Long-tailed macaques have been roaming near Tenaga National Berhad Bukit Selambau Solar (TBSS) causing human–macaque conflicts. This study reveals the social organization and genetic variation of these macaques. Macaques’ groups were determined via direct observation and closed-circuit television. Genomic DNA from 29 fecal samples were extracted and proceeded with amplification of the D-loop region of mitochondrial DNA. There are four main groups of primates at TBSS. Some members of the Kuil group and the Pekan group shared haplotype 1, forming a fission-fusion society. This finding can be used for TNB in mitigation plan involving human–macaque conflict.

    Keywords: Macaca fascicularis, pest, nuisance, phylogeny, Mitochondrial DNA
  • Mahendra Devanda, Jayashankar Munirathinam, Shantabala Devi Gurumayum Pages 171-182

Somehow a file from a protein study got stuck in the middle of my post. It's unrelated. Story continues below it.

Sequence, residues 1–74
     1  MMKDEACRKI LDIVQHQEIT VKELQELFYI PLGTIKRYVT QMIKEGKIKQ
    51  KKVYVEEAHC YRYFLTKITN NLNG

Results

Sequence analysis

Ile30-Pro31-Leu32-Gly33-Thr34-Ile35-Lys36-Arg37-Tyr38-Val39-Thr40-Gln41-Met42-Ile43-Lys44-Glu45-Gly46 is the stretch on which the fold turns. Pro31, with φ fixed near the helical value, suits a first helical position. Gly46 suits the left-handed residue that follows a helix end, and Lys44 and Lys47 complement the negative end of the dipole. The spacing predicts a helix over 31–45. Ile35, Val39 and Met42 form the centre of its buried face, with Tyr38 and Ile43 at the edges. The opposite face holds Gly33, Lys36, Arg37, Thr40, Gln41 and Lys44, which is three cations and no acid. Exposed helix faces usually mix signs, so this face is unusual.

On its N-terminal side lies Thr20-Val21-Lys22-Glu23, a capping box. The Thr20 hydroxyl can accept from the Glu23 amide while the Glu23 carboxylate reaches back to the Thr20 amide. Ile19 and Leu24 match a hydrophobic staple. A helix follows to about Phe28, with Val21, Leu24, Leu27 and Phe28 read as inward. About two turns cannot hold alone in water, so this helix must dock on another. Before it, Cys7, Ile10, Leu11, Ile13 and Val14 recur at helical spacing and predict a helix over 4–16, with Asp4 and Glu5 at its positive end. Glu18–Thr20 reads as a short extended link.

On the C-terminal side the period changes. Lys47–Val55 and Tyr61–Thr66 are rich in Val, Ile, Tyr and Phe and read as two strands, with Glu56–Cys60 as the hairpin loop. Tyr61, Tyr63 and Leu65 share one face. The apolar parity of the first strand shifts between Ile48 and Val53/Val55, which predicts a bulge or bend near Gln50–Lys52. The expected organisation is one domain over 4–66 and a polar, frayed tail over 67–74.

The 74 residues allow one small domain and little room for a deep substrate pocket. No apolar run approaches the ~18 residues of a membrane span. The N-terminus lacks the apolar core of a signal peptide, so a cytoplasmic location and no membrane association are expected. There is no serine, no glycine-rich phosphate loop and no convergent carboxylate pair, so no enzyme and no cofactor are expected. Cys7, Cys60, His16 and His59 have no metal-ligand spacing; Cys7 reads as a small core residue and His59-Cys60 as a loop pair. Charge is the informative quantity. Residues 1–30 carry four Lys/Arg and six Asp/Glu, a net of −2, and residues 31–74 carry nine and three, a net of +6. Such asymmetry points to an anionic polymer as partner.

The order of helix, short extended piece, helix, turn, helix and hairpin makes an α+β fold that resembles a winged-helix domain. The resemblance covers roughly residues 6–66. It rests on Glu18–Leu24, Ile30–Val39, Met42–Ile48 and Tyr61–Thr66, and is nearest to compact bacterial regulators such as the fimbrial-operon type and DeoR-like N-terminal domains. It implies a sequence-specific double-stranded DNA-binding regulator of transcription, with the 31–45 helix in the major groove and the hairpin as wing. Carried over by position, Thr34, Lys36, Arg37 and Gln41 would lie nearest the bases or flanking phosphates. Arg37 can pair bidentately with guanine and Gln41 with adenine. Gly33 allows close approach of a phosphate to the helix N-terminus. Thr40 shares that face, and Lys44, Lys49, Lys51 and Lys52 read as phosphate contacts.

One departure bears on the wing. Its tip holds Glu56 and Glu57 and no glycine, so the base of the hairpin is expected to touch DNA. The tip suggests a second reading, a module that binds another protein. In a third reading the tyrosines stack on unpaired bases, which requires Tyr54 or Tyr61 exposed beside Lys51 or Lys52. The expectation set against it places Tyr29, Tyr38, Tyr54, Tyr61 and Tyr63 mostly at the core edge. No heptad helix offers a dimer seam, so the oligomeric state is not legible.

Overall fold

Fifty-two species of birds belonging to 29 families were recorded in Pakke Tiger Reserve, Arunachal Pradesh, India. The highest number of species belonged to the family Muscicapidae with eight, Accipitridae, Bucerotidae, Columbidae, Phasianidae, and Pycnonotidae each with three species, while Ardeidae, Campephagidae, Falconidae, Megalaimidae, Phylloscopidae and Scolopacidae with two species each. The remaining seventeen families viz., Alcedinidae, Charadriidae, Chloropseidae, Coraciidae, Corvidae, Dicruridae, Eurylaimidae, Irenidae, Laniidae, Locustellidae, Motacillidae, Oriolidae, Phalacrocoracidae, Picidae, Strigidae, Sturnidae, and Vangidae with one species were recorded. IUCN (International Union for Conservation of Nature) conservation status of two species (Rhyticeros undulatus and Buceros bicornis) under VU (Vulnerable), two species (Vanellus duvaucelii and Treron phayrei) under NT (Near Threatened), while the remaining are categorized under LC (Least Concern).

    Keywords: Arunachal Pradesh, Birds, Pakke tiger reserve, IUCN
  • Daniel Niyonsaba, Pancras Ndokoye Pages 183-198